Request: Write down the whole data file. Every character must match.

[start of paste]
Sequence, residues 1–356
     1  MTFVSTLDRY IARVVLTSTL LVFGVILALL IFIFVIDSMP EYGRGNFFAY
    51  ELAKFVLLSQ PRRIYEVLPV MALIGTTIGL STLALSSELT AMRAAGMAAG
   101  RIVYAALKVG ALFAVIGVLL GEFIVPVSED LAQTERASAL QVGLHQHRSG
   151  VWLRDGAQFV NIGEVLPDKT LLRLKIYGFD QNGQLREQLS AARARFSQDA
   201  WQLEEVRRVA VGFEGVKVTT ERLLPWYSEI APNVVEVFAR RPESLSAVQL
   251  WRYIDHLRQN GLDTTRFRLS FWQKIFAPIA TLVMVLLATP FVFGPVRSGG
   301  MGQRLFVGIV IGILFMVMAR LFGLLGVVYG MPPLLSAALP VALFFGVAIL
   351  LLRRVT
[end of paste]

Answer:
Sequence, residues 1–356
     1  MTFVSTLDRY IARVVLTSTL LVFGVILALL IFIFVIDSMP EYGRGNFFAY
    51  ELAKFVLLSQ PRRIYEVLPV MALIGTTIGL STLALSSELT AMRAAGMAAG
   101  RIVYAALKVG ALFAVIGVLL GEFIVPVSED LAQTERASAL QVGLHQHRSG
   151  VWLRDGAQFV NIGEVLPDKT LLRLKIYGFD QNGQLREQLS AARARFSQDA
   201  WQLEEVRRVA VGFEGVKVTT ERLLPWYSEI APNVVEVFAR RPESLSAVQL
   251  WRYIDHLRQN GLDTTRFRLS FWQKIFAPIA TLVMVLLATP FVFGPVRSGG
   301  MGQRLFVGIV IGILFMVMAR LFGLLGVVYG MPPLLSAALP VALFFGVAIL
   351  LLRRVT